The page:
Beekeeping For Dummies, 5th Edition
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You can keep honey bees just about anywhere: in the countryside, in the city, in a corner of the garden, by the back door, in a field, on the terrace, or even on an urban rooftop. You don’t need a great deal of space, nor do you need to have flowers on your property.

Bees are amazingly adaptable, but you’ll get optimum results and a more rewarding honey harvest if you follow some fundamental guidelines. Basically, you’re looking for easy access (so you can tend to your hives), good drainage (so the bees don’t get wet), a nearby water source for the bees, dappled sunlight, and minimal wind. Keep in mind that fulfilling all these criteria may not be possible. Do the best you can by:

  • Facing your hive to the southeast. That way your bees get an early morning wake-up call and start foraging early.

  • Positioning your hive so that it is easily accessible come honey harvest time. You don’t want to be hauling hundreds of pounds of honey up a hill on a hot August day.

  • Providing a windbreak at the rear of the hive. You can plant trees or erect a fence made from posts and burlap, blocking harsh winter winds that can stress the colony (assuming you live in a climate with cold winters).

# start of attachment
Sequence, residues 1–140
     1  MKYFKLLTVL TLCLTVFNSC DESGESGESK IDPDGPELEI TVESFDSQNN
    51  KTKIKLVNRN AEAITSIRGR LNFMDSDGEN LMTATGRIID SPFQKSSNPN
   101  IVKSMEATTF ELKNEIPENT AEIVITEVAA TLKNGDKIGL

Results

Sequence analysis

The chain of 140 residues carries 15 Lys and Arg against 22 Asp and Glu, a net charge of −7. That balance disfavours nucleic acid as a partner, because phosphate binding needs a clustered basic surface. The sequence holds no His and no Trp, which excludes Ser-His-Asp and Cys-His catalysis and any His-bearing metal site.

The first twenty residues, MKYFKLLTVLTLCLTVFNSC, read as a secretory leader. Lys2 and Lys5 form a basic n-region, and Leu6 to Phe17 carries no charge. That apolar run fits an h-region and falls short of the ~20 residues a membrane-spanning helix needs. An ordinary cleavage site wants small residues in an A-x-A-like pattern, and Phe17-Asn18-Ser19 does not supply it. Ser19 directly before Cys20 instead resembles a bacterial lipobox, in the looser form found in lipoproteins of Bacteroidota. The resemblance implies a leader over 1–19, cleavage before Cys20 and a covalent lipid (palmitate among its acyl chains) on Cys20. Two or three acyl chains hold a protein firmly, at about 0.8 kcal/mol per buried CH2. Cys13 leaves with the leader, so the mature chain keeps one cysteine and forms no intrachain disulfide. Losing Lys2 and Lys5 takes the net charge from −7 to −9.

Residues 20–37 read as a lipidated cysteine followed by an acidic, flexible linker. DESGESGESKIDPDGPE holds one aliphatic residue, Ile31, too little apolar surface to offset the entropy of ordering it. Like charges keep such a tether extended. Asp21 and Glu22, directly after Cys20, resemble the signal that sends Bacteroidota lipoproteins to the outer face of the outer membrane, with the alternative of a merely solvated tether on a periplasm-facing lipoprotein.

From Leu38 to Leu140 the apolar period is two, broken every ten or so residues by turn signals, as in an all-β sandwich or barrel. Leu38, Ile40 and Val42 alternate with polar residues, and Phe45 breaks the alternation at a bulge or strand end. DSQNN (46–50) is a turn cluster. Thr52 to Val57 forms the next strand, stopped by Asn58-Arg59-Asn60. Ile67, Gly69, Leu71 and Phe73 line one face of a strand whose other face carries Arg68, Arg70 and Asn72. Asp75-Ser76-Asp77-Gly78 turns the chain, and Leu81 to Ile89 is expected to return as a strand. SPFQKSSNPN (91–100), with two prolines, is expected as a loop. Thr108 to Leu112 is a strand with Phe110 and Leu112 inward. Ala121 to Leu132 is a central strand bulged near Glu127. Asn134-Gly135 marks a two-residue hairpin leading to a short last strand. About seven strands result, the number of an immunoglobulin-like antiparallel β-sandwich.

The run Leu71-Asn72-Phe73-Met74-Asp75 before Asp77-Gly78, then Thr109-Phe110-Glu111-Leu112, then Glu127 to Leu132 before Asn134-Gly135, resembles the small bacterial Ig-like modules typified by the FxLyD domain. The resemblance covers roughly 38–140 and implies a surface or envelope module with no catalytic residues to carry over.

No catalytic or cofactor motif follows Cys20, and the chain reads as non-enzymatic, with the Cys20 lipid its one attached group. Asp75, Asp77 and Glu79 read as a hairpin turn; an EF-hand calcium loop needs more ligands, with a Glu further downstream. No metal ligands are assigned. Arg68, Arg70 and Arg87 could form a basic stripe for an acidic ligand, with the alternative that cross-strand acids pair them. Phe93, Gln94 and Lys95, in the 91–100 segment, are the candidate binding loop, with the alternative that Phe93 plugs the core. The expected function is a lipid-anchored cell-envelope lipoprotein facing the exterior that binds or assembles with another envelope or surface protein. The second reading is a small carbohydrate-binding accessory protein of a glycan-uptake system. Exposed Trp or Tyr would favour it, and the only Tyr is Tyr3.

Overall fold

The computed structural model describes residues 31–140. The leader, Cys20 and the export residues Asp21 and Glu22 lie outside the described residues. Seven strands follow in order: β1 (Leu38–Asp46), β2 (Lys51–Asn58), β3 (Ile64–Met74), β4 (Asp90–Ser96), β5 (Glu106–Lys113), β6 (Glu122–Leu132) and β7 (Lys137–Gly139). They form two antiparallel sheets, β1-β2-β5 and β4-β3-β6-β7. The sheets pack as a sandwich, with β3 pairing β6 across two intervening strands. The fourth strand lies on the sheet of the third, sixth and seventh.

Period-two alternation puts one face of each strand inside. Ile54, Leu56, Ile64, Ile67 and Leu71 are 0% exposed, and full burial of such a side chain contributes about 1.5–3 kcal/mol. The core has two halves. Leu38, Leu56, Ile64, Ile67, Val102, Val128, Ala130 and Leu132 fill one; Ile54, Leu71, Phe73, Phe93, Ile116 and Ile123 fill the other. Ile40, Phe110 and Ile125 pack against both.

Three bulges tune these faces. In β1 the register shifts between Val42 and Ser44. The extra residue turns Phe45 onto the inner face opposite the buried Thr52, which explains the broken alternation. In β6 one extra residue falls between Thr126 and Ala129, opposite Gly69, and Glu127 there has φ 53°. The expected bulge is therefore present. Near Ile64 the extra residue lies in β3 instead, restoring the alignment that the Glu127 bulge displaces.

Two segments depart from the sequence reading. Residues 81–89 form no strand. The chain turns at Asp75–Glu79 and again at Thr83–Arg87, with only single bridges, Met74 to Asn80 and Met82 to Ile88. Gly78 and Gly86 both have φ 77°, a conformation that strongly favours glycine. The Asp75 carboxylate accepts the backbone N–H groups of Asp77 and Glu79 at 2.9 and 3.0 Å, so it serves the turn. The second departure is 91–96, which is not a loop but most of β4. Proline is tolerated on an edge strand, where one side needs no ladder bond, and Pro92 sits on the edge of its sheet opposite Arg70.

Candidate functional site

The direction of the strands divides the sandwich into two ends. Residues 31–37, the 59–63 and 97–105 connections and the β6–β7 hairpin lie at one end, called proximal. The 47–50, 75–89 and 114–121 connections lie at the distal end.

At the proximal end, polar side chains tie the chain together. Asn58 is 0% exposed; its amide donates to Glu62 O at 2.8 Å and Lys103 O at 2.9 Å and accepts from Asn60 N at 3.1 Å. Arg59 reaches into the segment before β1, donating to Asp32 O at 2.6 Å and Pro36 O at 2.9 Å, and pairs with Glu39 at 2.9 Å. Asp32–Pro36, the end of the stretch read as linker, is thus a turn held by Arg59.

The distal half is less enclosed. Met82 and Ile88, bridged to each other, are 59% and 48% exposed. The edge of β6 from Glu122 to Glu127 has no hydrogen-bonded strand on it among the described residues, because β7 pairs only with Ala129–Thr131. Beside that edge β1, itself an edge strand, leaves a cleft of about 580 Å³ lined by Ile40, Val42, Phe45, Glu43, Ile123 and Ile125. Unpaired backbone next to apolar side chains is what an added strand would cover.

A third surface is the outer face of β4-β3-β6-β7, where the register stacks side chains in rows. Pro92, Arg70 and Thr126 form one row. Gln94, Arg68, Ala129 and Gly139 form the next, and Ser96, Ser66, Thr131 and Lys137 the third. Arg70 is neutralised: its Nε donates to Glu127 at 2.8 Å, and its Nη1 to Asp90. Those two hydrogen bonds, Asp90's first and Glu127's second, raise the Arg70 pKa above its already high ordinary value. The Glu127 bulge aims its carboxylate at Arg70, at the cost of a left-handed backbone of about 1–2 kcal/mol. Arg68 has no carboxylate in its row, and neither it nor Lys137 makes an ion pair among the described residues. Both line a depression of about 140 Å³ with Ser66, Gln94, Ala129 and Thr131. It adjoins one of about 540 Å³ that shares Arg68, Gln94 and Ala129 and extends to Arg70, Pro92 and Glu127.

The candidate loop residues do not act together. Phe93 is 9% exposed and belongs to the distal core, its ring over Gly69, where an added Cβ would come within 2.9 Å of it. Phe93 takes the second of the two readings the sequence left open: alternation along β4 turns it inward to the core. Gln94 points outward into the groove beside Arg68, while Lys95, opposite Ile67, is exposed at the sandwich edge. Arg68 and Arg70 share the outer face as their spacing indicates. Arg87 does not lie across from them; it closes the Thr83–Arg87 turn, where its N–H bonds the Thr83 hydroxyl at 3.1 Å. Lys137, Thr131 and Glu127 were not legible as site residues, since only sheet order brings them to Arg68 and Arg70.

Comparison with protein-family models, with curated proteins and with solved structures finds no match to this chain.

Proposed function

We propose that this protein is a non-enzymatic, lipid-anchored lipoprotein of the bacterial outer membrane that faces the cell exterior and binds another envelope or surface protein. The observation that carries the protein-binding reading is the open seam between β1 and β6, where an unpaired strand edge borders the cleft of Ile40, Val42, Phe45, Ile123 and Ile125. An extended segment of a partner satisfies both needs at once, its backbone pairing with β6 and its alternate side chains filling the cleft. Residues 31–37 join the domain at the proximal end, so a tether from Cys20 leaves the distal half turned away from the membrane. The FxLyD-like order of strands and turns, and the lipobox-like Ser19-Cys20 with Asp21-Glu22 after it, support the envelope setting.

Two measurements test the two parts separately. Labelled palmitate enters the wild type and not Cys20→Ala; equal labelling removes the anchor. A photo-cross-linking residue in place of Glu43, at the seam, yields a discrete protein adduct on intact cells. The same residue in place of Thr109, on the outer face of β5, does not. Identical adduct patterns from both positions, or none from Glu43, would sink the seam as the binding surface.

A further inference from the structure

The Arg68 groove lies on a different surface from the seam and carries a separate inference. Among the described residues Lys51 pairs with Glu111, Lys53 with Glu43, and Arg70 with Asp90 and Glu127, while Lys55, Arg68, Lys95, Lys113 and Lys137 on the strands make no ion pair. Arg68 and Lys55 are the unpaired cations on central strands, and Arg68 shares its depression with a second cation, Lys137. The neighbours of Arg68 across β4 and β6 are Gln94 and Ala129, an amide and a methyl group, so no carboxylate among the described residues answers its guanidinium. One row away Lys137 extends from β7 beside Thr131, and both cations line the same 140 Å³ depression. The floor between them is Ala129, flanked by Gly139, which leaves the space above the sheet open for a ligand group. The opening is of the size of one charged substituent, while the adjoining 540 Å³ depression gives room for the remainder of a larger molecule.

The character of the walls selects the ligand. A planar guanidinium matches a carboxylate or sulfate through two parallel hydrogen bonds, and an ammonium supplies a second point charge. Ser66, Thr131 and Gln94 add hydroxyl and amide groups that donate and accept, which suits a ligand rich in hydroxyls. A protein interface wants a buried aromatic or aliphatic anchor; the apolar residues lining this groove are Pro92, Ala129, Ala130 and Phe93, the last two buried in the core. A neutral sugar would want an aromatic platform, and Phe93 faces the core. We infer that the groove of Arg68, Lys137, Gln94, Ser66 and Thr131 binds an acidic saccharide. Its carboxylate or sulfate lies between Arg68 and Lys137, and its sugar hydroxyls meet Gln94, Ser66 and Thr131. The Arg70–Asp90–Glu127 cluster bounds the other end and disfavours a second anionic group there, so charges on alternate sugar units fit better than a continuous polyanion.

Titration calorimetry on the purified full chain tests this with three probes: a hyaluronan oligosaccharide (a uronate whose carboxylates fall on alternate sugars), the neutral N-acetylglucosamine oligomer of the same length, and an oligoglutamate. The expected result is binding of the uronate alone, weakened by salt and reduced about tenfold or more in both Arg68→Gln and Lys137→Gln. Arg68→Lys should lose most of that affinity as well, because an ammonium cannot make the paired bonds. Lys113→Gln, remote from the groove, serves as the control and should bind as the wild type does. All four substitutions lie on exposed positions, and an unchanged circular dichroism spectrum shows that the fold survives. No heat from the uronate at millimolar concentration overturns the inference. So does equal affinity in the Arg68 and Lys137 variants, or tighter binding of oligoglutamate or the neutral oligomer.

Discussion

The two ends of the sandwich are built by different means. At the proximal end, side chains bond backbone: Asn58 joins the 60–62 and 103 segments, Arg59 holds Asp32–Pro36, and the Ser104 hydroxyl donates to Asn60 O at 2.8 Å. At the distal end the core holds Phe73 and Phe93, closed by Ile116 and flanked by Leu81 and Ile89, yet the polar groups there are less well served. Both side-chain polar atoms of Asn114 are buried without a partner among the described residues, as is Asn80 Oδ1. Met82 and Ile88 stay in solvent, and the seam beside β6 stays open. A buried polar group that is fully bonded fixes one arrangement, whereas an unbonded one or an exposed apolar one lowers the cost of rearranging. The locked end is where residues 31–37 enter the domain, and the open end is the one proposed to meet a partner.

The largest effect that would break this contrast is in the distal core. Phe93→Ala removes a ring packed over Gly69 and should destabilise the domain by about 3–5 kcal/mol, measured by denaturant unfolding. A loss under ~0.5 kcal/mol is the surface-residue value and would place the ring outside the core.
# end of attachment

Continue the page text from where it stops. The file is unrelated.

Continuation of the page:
• Putting the hive in dappled sunlight. Ideally, avoid full sun, because the warmth of the sun requires the colony to work hard to regulate the hive’s temperature in the summer. By contrast, you also want to avoid deep, dark shade, because it can make the hive damp and the colony listless.

  • Making sure the hive has good ventilation. Avoid placing it in a gully where the air is still and damp. Also, avoid putting it at the peak of a hill, should you live in a region where the bee will be subjected to winter’s fury.

  • Placing the hive absolutely level from side to side, and with the front of the hive just slightly lower than the rear (a difference of an inch or less is fine), so that any rainwater drains out of the hive (and not into it).

  • Locating your hive on firm, dry land. Don’t let it sink into the quagmire.

  • Placing mulch around the hive to prevent grass and weeds from blocking its entrances.

    The picture-perfect beeyard. Not always possible, but an admirable objective.

    The picture-perfect beeyard. Not always possible, but an admirable objective.

If you are moving bees to a new location that is a mile or two away, no problem. But if you are moving the hive to a location nearer than this, you may lose all of your field bees because they will return to where the hive used to be. If you only need to move your hive a short distance (like across your yard), move the hive a little bit at a time (a few yards each day until you reach the desired destination).

About This Article

This article is from the book:

About the book author:

Howland Blackiston has been keeping bees for almost 40 years. He has appeared as an expert on CNBC, CNN, NPR, The Discovery Channel, Sirius Satellite Radio, and other broadcast outlets, and has written numerous articles on beekeeping. Howland has been a keynote speaker at conferences in more than 40 countries.

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